Depending upon the individual operation and the resources available, cattle may be finished on grass or in a feedlot. The decision here is usually money.
Grass based finishing of cattle takes longer and more land, feedlot finished cattle reach selling weight faster.
Grass Fed vs Grain Fed goes over my take on the good and the not so good of each system.
There are good people in favor of each method of production. I am a fan of grazing, since cattle are ruminants!
However, I am aware that grazing is not an option for all cattle raisers, especially small scale cattlemen.
We see people with limited land deciding to keep the brood cows on pasture and put the younger, still growing cattle in a smaller area on better feed.
Grazing Cattle: Using Grass To Feed Your Herd gives you some pointers on maximizing your pasture’s forage production.
Many cattle herds use A.I. for breeding
Some producers love A.I. others would just rather get a bull.
Here are some of the advantages of A.I.:
- You don’t have to feed or handle the bull
- Multiple bulls can be used in the herd
- Cows can be bred for individual improvements
- High dollar genetics are available for less money
Here are some of the disadvantages of using A.I.:
- Requires your time, to watch cattle and do the insemination
- Depends upon the skill and timing of the technician
- Cattle must be caught and held to be inseminated
- Not using area specific genetics
The short version is A.I. requires you to spend time getting the cows bred, but you don’t need to keep and feed a bull.
Using a bull means he does the work for you, but you feed and manage him.
Non producers kill herd profits
The biggest hits here will be cows that don’t calve, death losses and high feed costs.
Cows not calving kills profits
The first one, not calving, is easy to understand as a profit killer.
When you are in the business of raising and selling cattle, any cow or heifer that does not breed and produce a calf every year is not a worker, she’s a freeloader.
Freeloaders need to be culled.
Cattle death losses cost you money
Death losses are the second big way to loose money with your cattle. This could be loss of an adult or a calf.
This hurts even more when the loss was preventable.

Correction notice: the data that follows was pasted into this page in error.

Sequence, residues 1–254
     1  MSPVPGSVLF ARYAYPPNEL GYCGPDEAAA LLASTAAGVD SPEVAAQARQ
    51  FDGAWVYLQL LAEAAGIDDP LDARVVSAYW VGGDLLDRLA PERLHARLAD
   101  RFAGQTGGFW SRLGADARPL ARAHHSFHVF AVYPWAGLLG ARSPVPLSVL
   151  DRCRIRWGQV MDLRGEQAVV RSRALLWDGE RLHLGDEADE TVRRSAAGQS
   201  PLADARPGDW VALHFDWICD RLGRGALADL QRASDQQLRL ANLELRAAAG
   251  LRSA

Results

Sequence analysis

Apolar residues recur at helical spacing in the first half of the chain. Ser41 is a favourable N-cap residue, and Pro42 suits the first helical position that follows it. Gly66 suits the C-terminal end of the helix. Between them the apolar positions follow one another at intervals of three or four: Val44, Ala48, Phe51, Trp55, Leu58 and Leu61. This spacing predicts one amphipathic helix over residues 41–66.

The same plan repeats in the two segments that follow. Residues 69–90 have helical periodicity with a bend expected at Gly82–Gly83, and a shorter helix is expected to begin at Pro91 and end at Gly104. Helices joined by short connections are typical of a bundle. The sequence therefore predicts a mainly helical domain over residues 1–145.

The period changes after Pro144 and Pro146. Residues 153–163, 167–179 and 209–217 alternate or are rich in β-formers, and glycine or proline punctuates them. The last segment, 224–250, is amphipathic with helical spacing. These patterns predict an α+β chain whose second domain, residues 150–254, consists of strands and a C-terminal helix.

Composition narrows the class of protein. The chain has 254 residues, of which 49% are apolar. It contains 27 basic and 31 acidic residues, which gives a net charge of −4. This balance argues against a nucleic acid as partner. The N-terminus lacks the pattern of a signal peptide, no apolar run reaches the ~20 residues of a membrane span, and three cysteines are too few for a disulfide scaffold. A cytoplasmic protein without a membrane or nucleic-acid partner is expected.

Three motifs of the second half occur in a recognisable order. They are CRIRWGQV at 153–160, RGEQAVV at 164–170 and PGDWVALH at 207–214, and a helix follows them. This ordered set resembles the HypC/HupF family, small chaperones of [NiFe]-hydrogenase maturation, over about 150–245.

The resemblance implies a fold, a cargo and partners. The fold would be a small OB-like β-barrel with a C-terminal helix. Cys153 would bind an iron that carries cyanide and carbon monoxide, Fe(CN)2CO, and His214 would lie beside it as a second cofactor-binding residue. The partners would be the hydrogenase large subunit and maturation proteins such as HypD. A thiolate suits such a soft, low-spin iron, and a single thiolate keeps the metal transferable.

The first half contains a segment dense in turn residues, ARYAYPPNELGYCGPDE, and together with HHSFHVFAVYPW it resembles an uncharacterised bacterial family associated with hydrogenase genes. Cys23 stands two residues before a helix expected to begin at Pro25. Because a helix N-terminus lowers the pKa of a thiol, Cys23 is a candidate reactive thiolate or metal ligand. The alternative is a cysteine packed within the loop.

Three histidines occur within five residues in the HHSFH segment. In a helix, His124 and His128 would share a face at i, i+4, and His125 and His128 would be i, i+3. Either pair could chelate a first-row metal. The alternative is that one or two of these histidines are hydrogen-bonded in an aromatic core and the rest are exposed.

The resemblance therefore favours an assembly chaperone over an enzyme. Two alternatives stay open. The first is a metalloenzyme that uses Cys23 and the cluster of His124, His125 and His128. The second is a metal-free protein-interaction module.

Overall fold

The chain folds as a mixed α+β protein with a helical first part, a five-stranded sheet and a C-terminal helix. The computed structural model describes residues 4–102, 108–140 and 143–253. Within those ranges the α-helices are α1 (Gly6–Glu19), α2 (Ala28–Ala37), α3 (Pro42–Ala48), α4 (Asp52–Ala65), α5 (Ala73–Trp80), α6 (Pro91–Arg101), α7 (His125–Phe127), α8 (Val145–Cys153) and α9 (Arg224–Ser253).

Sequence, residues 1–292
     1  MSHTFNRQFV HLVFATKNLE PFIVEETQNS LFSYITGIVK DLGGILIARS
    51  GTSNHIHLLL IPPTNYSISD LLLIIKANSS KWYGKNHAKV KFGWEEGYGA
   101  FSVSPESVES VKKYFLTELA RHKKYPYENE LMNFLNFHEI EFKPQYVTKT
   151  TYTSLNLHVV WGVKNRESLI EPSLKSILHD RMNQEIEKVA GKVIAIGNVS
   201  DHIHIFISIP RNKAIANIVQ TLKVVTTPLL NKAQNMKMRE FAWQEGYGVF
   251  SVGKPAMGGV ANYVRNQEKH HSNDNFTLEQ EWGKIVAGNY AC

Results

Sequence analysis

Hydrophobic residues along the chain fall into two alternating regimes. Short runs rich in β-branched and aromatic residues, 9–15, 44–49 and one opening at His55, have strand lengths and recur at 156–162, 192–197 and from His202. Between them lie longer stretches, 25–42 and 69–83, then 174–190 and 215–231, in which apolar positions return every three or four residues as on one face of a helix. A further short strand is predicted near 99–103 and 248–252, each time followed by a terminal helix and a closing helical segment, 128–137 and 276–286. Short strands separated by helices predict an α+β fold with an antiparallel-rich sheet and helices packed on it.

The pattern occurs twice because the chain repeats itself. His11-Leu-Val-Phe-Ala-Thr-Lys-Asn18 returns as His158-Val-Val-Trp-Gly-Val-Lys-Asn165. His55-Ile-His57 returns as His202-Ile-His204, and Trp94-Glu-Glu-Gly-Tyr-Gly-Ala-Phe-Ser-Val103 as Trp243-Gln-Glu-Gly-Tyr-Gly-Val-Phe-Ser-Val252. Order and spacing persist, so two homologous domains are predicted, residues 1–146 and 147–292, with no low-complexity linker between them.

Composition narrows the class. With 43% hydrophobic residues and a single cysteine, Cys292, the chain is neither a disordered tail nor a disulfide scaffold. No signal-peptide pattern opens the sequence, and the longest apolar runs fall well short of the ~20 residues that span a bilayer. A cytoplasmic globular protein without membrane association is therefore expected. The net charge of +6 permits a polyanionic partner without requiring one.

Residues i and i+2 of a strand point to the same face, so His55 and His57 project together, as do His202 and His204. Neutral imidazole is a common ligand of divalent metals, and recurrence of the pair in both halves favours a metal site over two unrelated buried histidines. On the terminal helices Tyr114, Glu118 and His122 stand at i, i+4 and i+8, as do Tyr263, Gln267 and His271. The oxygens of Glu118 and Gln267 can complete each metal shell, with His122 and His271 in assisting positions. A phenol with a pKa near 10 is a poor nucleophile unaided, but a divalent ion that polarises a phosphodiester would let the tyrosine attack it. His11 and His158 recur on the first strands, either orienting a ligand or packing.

I’m referring to a problem that was too severe to stop once you saw it, but had you checked the cattle more frequently, you would have been able to intervene.
For instance, a difficult birth resulting in the death of the calf. Had you been attending the birth, you may have been able to save the calf.
Checking your cows multiple times a day would have brought the problem to your attention earlier.
The other source of death losses I’m referring to things like a quick bloat or blackleg (a deadly clostridial infection), which can occasionally happen, even in well managed herds.
To me death losses are the most frustrating, since you already have money and time into the animal yet you’ll be getting no return. That hurts.
High feed costs eat away potential profits
While high feed costs may not seem as problematic as non productive cows or death losses, this one is more insidious.
Feed costs keep adding up, especially through the winter hay feeding months.
If you aren’t vigilant about keeping track of the numbers, the cost to feed your herd can get pretty high, pretty fast.
You will need some sort of stored feed for your cattle, even if it’s just for a few days a year. Plan for it and put a realistic amount of hay in your budget.
Another side to high feed costs: Reasonably priced hay can get expensive quickly if all you are doing is feeding intestinal worms!
Deworming your cattle will make sure that your money spent on feed is nourishing your cattle, not their worms!
Know the common cattle terms
Here’s an alphabetized list of the terms you need to know and their definitions.
While this is important information, I put it at the bottom of the page since reading it straight through can be a bit boring!
Note: I refer to the beef animal being a steer in most of the definitions.